EXAMPLE 1 217 g. of glycol, g. of pentaerythrol and 108 g. of terephthalic acid are esterified with 10 g. of antimony trioxide at 180 C. in a three-neck flask equipped with stirrer, reflux condenser and contact thermometer. A mixture of 237 g. of 4,4-diaminodiphenylmethane and 192 g. of trimellitic anhydride is introduced in two portions at 140 C. and the temperature is raised in each case to 180 C. until a clear solution results. The temperature is then further raised to 220 C. and maintained at this level for 2 hours, following which the mixture is subjected to vacuum distillation. 180 g. of total distillate were obtained in this manner.

The resin thus obtained was diluted with 680 g. of technical grade cresol and 180 g. of xylene, and was deposited on a copper wire of 1 mm. diameter in a horizontal wireenamelling oven.

Technical data: Oven length 3.80 m.; oven temperature 480 C.; applicator device; roll and felt, 6 passes; takeoff speed: 6.8 metres/minute; thickness of lacquer layer (increase of wire diameter): 0.05 mm.

The testing of the lacquer insulation yielded the fol- EXAMPLE 2 A resin was prepared as in Example 1 from 310 g. of gl col, 4.5 g. of glycerin, 6.8 g. of pentaerythrol, 108 g. of terephthalic acid, 11 g. of tin oxalate, 192 g. of trimellitic acid, 277.0 g. of 4,4'diaminodiphenylmethane, which resin was dissolved in 1200 g. of technical grade cresol and 300 g. of xylene. The lacquer film was produced as in Example 1.

Properties:

Pencil hardness: 3 H Softening temperature: 348 C. Overload test: 872 minutes Wire spiral: 1 faultless Torsion: 118

EXAMPLE 3 Compositions: 320 g. of glycol, 162 g. of terephthalic acid, 30 g. of pentaerythritol, 5 g. of antimony trioxide, 6 g. of butyl titanate, 288.0 g. of trimellitic anhydride, 223.0 g. of 4,4'-diaminodiphenylmethane. The resin and lacquer film were prepared as in Example 1.

The properties of the resulting lacquer film were as follows:

Pencil hardness: 3 H Softening temperature: 348 C. Overload test: 622 minutes Wire spiral: 1 faultless Torsion: 122

EXAMPLE 4 The following is a tabulation of comparative experiments, in which increasing amounts of catalyst were used while keeping the other operating conditions constant. A comparison of the torsional values of the finished lacquer shows that the elasticity of the film improves with increasing amounts of catalyst.

The following components were reacted with each other in three different charges:

Parts by weight Glycol 310 Pentaerythritol 30 Terephthalic acid 108 Trimellitic anhydride 192 4,4'-diaminodiphenylmethane 277 Total quantity 917 Distillate 210 Resin 707 The amounts of catalyst used in the three comparative experiments are shown in the following table, together with the torsional values measured on the finished wire lacquer. The lacquer was applied in all cases at 480 C., a take-off speed of 5.0 metres/min, and an oven length of 3.5 metres:

Catalyst; addition s1 2on 1. 8 4. 5 10. 0 Catalyst in percent. oircsin 1 0.25 0. 153 1.11 .11 122 Torsion (N0. 01' twists for 2.7 cm. wire length) 1 Parts by weight.

EXAMPLE 5 83 g. of terephthalic acid were esterified with 62 g. of glycol and 17 g. of pentaerythritol in 400 g. of cresol, at 190200 C., in the presence of 7.5 g. of antimony trioxide. At 120 C., a mixture consisting of 192 g. of trimellitic anhydride, and 198 g. of 4,4'-diaminodiphenyl ether were added thereto in two portions, and the temperature was raised to 180 C. Following this, the temperature was raised to 210 C. for 2 hours. The mixture was then diluted with 400 g. of cresol and 3'00 g. of solvent naphtha, and the application was carried out as in the previous examples. The lacquer film produced had properties comparable with those of the previous examples.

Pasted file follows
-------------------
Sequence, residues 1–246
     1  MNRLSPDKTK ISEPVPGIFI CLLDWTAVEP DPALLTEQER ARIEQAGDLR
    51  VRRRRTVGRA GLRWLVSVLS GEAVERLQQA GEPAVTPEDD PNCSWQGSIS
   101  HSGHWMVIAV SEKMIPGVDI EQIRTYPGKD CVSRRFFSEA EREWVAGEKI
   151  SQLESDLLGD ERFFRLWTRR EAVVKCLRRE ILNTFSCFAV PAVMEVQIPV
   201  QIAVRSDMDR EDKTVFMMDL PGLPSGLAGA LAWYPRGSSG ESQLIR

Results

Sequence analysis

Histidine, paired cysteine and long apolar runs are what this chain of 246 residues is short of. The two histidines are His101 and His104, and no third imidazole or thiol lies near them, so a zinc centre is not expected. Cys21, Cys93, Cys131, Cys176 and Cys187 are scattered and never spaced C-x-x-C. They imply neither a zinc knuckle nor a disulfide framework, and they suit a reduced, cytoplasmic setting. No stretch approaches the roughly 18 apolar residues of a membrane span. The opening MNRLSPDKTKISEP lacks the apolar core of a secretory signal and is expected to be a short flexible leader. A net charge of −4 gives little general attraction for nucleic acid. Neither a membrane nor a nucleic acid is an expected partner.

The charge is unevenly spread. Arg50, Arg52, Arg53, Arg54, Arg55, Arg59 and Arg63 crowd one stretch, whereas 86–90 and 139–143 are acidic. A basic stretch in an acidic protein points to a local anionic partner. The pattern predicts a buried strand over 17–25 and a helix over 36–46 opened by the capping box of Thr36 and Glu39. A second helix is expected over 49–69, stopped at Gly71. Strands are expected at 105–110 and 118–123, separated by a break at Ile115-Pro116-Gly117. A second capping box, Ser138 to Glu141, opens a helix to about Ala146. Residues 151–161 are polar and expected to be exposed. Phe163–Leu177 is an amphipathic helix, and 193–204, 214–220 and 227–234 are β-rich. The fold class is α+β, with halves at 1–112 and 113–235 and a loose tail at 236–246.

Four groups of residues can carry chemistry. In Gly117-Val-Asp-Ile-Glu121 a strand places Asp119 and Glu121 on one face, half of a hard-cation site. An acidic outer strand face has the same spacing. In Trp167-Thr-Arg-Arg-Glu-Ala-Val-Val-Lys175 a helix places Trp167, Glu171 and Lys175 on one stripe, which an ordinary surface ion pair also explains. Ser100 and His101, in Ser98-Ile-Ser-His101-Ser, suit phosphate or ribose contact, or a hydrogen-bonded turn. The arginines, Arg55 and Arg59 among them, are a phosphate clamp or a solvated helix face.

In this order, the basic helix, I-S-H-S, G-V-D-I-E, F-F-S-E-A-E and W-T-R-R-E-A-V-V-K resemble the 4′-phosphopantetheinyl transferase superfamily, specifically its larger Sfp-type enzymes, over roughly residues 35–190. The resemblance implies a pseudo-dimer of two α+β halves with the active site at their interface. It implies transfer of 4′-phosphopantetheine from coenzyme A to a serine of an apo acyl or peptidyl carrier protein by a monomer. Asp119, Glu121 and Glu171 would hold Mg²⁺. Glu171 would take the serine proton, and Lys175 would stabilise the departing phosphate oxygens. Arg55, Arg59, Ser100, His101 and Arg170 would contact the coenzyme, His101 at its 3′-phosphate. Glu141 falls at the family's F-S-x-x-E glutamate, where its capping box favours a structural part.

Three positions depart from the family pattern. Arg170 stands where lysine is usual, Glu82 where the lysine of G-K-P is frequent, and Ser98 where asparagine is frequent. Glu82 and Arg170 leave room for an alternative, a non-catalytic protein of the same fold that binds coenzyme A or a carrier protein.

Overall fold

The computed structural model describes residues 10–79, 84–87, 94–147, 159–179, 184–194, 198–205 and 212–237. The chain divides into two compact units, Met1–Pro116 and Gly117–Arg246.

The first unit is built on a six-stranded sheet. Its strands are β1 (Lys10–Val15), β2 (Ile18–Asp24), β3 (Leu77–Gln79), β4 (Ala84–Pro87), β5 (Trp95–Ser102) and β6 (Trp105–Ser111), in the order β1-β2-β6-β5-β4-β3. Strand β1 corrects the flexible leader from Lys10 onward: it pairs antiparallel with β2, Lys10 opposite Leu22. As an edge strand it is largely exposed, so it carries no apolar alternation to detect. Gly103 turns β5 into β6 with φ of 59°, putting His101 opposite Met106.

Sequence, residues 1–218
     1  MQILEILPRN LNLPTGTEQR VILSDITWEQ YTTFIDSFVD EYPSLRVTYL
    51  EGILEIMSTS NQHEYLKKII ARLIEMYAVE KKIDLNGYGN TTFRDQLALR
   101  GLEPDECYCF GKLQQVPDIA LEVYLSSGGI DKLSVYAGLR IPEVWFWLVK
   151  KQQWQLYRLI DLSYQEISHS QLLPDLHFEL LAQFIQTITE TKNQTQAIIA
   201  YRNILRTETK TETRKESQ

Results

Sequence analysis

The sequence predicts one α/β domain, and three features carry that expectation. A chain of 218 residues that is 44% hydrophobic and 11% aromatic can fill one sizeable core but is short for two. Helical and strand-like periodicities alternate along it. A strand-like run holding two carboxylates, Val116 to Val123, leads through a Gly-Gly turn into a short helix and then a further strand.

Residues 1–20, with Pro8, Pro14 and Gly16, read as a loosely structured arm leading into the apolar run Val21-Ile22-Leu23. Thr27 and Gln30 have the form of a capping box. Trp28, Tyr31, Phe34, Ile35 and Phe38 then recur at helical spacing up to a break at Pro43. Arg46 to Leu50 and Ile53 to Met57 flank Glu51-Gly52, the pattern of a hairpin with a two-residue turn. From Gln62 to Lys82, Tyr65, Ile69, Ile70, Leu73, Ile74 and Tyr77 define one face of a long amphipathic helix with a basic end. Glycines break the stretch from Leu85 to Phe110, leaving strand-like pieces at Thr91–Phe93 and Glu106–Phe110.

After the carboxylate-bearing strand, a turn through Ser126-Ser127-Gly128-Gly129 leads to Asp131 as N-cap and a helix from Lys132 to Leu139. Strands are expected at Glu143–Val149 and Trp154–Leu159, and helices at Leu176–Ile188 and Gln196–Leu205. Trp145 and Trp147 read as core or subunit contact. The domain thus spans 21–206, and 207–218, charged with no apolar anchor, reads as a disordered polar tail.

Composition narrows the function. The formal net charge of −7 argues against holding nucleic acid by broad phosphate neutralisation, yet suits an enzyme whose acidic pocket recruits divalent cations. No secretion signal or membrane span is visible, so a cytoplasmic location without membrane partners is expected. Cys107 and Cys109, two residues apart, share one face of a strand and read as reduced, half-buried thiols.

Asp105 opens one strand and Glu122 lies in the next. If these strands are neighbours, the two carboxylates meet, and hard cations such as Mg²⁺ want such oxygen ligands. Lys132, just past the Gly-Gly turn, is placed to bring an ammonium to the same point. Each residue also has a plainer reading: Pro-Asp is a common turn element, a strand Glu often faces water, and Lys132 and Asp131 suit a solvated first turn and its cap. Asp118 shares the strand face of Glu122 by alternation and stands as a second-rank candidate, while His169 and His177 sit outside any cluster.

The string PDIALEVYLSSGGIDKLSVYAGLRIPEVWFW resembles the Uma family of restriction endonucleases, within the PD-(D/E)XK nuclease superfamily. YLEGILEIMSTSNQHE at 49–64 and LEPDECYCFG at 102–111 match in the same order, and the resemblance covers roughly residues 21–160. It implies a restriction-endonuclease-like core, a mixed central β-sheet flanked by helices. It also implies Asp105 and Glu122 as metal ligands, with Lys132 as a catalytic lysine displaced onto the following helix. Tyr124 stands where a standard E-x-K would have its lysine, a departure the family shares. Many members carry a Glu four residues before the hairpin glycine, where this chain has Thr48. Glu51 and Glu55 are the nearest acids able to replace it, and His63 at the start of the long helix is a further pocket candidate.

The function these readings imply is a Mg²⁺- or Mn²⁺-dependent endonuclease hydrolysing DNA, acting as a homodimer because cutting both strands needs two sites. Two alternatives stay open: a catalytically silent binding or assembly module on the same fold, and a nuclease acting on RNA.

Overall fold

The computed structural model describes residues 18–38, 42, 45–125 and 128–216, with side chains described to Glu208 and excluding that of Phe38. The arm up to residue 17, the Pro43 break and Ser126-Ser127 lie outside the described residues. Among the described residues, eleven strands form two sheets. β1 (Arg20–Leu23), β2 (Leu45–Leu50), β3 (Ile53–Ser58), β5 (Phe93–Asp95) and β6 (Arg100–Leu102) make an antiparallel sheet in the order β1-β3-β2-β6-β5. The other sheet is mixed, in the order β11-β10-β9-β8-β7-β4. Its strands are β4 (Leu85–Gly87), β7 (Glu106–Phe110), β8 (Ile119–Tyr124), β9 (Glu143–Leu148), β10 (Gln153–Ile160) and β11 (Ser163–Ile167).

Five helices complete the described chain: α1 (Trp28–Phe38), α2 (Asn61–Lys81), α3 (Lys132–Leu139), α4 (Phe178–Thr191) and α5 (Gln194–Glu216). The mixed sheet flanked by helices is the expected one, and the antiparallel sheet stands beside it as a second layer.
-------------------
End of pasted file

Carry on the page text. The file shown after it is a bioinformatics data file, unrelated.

EXAMPLE 6 140 g. of terephthalic acid were esterified with 112 g. of glycol, 14 g. of pentaerythritol and 430 g. of cresol, using g. of tin oxalate, at 180-200 C. To this solution, there was added a mixture consisting of 198 g. of 4,4- diaminodiphenylmethane and 192 g. of trimellitic anhydride in two portions at 120 C. The temperature was then in each case raised to 180 C. until a clear solution formed. Following this, the temperature was rasied to 210 C. for 2 hours. The lacquer thus obtained was diluted with cresol and solvent naphtha and applied as in the previous examples. The lacquer film produced had properties comparable with those of previous examples.

What we claim as our invention and desire to secure by Letters Patent of the United States is:

1. In a process for the preparation of a carboxylamidecontaining polyesterimide resin which comprises the steps of reacting at least one acid component which contains (a) an imide-forming functional group which is a fivemembered cyclic anhydride or two carboxyl groups bound to adjacent carbon atoms, or their esters, half esters, or half amides (b) at least one further functional group which is carboxyl, carboxylic acid anhydride, carboxylic ester, or hydroxyl group, with at least one polyhydric alcohol and at least one amide component which contains a primary amino group and at least one other functional group which is a carboxyl, hydroxyl, or primary or secondary amino group, to form a polycondensation product containing, in addition to ester and amide groups at least one five-membered imide ring, wherein the number of primary amino groups employed is in excess of the primary amino groups bound in the cyclic imide groups or at least one polyfunctional compound containing secondary amino groups is present in the reaction mixture, the improvement which comprises carrying out the reaction in the presence of at least 0.3% by weight of at least one conventional esterification catalyst, calculated on the weight of the resin produced.